Poet's notebook: The good doctor

click to enlarge Poet's notebook: The good doctor - Jeanne Meinke
Jeanne Meinke
Poet's notebook: The good doctor

White coat and purple coat

a sleeve from both he sews.
That white is always stained with blood,
that purple by the rose.

In the popular imagination, a poet is someone who not only writes murkily while slouching in a garret, but often emerges as some combination of alcoholic suicidal bottom-pincher. But just as our poems are misread, so are our lives; and the closer you look at the lives of most poets, the more they look like everyone else’s.

These thoughts burbled up because of the recent death of Dannie Abse, a long-time friend, and the most decorated Welsh poet since Dylan Thomas. The thing about Dannie was that, except for being a marvelous poet, he was a good guy in the normal way.

In the fall of 1984, we were in London, where I was teaching a course on Contemporary English Poetry, and invited Dr. Abse to read to our class. I’d heard about Dannie, a Welsh writer living in London, because he was also a practicing doctor who often read to medical students in America, including those at USF. With a small budget to invite poets to talk, I called Dannie and discovered he lived nearby in Golders Green, seven stops up from Goodge Street (our nearest tube station; we loved the name).

He was a hit as soon as he walked in the door. Good-looking and sturdy, with an unruly shock of white hair, he connected easily with the students. His poems and stories made them laugh and cry; one poem, “In the Theatre,” in which a patient undergoing a brain operation suddenly begins howling “Leave my soul alone” over and over, actually made them gasp.

Our real friendship with Dannie and his wife Joan began a few nights later, when we met at his favorite restaurant, the Great Nepalese, a gem stuck in the middle of a dingy London street near Euston Station. We talked for hours over chicken Kashmiri and lamb tikka, and many glasses of wine. He was erudite, funny, generous, and a great sports fan, particularly of his beloved Cardiff Bluebirds, the Welsh soccer team.

In the years to come, we had many more memorable meetings. He looked at the world with fond skepticism, and liked the things that we all liked. Once, when Dannie was reading at Eckerd, two other distinguished poets, William Jay Smith and William Meredith, came to listen. When we offered to take them out to lunch, these sophisticated bards put their heads together and decided they wanted a good pizza. We have a fine photo of them in front of Vito & Michael’s Pizzeria, near the old Beach Theater.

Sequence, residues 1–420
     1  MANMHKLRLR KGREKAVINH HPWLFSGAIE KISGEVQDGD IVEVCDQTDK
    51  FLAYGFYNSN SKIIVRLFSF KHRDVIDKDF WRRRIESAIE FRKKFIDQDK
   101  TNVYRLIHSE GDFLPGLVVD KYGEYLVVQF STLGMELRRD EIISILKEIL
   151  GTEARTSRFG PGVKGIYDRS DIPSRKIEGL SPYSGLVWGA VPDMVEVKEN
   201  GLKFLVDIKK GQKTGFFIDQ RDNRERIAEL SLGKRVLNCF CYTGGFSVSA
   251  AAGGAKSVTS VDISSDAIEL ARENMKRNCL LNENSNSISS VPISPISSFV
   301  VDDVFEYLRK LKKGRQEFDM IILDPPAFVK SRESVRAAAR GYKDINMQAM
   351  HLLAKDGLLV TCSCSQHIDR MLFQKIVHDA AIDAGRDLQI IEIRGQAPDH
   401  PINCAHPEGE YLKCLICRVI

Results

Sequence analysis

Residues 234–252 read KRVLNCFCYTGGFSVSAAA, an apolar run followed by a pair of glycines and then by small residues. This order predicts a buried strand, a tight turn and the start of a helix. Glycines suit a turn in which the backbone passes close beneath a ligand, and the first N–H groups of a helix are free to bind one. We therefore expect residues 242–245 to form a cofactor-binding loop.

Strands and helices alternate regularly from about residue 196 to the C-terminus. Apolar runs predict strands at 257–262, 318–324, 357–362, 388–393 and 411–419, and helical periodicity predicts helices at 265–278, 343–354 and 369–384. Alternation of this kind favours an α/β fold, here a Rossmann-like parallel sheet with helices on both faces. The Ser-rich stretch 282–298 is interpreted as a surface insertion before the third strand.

We last saw Joan and Dannie in 2002, when we were visiting London with our colleague, Ken Keeton, and his wife Cece. Spontaneously, the Abses invited all of us over for what turned out to be a three-course lunch, complete with tea and coffee in their garden. Then they drove us to nearby Hampstead Heath, the beautiful park where John Keats walked and wrote before he went off to Italy to die. We wandered along the pathways, winding up at the Kenwood House and Museum, where Joan, a prominent art historian, told us, among many other things, that the marvelous Rembrandt painting there was “the most popular self-portrait in England.”

In 2005, in a tragedy still hard to grasp, a driver ran a stop sign and crashed into their car, killing Joan instantly. Much of his writing after that, completely without self-pity, has to do with loss and loneliness, interspersed with tales of their happy marriage. He had children and many friends, but lived in their lovely house alone, working on his poems 'til the day he died.

And phantom rose and blood most real

compose a hybrid style;
white coat and purple coat
few men can reconcile.

White coat and purple coat
can each be worn in turn
but in the white a man will freeze
and in the purple burn.

“White Coat, Purple Coat” is from Selected Poems by Dannie Abse (1923-2014), Sheep Meadow Press, NY, 2012    

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